It is no more or less than 19 years since Oddworld received its third installment, Munch's Oddysee, with which the saga made the leap to platforms in three dimensions. By the time of its original release, Oddworld already had a number of fans around the world, and this play received rave reviews thanks to its proposed gameplay that mixed three-dimensional platforms with some well-thought-out puzzles.
The first thing I should highlight about Oddworld: Muchs'Oddysee on Nintendo Switch is that the version that the Nintendo hybrid receives is neither new nor exclusive. The video game that I have enjoyed is exactly the same port that in 2016 came to PC putting on the table different novelties from the original work.
This includes higher resolution in some cinematic scenes, a frame rate of 60 fps, improvements in the camera of the work, modeling in high definition, improvements in the quality of audio and sound effects and some options at the visual level. Beyond this, the version that I enjoy is exactly the same that was released in 2001.
Oddworld: Munch's Oddysee includes several improvements over the original work specifically designed to avoid player frustration. Measurements include unlimited lives, a quick save system, and a camera that automatically locks onto targets. However, with playing a few hours we will realize that this is far from sufficient.
Control does not help at all and, many times, the platform becomes an ordeal because of the low precision we have of it. Any jump or advance that requires some precision becomes a challenge, not so much because of its difficulty, but because of the impossibility of satisfactorily controlling our protagonist.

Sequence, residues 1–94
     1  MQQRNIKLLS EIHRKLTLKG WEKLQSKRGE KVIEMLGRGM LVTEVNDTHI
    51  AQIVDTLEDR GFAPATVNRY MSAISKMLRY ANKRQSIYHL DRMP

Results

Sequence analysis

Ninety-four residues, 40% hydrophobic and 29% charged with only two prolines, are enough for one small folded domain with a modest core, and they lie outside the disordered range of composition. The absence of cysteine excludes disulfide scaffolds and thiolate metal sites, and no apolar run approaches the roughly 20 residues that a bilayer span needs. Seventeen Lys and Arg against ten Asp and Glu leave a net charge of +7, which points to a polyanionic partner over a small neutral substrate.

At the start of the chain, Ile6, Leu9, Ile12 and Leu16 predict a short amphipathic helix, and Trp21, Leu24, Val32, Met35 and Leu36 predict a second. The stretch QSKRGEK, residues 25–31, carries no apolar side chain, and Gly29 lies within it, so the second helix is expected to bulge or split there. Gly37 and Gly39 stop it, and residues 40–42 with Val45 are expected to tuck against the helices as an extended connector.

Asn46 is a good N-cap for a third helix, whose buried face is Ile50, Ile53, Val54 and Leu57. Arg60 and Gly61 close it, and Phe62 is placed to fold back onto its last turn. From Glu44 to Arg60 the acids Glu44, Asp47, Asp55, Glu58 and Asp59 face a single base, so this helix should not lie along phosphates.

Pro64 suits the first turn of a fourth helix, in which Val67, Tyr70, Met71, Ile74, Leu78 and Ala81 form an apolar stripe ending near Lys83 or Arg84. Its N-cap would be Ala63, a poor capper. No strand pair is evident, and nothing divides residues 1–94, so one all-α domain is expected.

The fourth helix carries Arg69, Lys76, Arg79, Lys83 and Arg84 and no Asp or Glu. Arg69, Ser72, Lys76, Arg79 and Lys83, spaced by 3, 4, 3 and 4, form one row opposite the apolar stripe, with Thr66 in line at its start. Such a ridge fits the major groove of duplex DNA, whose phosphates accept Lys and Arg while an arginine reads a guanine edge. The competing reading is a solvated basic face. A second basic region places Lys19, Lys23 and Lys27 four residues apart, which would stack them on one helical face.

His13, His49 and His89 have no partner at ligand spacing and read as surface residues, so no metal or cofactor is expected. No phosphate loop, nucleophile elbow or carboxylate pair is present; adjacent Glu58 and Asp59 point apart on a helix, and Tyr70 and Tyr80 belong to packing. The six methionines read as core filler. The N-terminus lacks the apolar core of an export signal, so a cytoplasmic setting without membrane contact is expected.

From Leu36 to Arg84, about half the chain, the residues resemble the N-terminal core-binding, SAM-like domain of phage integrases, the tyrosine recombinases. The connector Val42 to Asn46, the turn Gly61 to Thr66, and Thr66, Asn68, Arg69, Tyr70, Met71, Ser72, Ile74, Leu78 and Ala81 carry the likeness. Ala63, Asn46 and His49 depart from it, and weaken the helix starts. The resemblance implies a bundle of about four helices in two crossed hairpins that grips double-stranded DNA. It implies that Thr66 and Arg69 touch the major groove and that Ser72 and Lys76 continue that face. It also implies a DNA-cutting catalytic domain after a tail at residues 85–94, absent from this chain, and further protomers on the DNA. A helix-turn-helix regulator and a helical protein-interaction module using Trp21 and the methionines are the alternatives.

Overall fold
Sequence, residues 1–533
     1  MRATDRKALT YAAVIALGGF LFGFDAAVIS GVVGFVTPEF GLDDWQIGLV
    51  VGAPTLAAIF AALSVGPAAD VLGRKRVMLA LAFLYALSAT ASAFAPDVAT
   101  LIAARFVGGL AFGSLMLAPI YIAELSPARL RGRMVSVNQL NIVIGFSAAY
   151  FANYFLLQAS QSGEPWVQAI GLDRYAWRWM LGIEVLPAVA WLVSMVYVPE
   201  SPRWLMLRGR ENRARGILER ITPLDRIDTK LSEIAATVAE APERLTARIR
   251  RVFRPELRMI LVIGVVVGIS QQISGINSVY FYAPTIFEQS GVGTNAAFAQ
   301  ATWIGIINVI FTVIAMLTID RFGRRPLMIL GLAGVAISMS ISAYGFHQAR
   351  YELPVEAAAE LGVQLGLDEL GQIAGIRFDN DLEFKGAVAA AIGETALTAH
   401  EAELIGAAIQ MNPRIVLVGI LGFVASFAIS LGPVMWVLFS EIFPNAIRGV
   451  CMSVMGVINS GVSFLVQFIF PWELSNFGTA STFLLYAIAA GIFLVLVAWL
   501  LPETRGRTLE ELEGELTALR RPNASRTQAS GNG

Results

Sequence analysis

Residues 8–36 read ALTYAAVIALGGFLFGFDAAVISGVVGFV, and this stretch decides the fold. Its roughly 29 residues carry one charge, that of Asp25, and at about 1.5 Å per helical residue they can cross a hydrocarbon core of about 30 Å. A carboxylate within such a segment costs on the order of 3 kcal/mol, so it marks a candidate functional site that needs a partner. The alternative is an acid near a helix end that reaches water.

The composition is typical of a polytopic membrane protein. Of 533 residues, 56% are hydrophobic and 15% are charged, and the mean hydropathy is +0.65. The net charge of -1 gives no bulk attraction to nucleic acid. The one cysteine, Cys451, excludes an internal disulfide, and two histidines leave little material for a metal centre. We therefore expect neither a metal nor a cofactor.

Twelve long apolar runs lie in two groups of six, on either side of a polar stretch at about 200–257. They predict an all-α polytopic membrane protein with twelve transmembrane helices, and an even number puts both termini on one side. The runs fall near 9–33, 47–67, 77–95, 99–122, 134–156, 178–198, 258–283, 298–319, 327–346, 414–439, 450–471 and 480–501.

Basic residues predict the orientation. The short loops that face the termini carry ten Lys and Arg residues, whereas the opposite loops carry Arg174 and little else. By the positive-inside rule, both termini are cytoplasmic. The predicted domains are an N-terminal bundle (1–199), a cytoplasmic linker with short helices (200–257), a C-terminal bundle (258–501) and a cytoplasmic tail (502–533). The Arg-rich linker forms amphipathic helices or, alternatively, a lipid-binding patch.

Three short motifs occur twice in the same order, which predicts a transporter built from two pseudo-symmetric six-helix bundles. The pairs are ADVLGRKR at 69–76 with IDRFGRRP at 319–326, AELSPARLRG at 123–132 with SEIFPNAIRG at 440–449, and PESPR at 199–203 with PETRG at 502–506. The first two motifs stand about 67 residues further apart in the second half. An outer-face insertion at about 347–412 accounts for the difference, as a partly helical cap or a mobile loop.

For its part, the controls have not adapted well to Nintendo Switch and improvements to the camera are insufficient. Although we are free to move the camera, it is practically impossible to do so. The game asks us to jump with the B button while moving with the left stick, so that the right stick (which is the one that controls the camera) is practically inaccessible in moments of action. The camera enhancements, which include an automatic movement, are not enough either and sometimes it bothers more than it helps.
Oddworld: Munch's Oddysee has always been the most reviled game in the Oddworld franchise; and the truth is that it is on its own merits. This port to Nintendo Switch does nothing to reverse the situation and continues to carry a mediocre work to which the passage of the years has been especially bad.
With a highly upgradeable control, a very repetitive and unimaginative playable proposal and a technical aspect that does not bring anything new, Oddworld: Munch's Oddysee on Nintendo Switch becomes a quite expendable work. The mission of the game seems that it is not to succeed by its proposals but to complete the complete collection so that Nintendo Switch ends up having all the works of Oddworld in its catalog.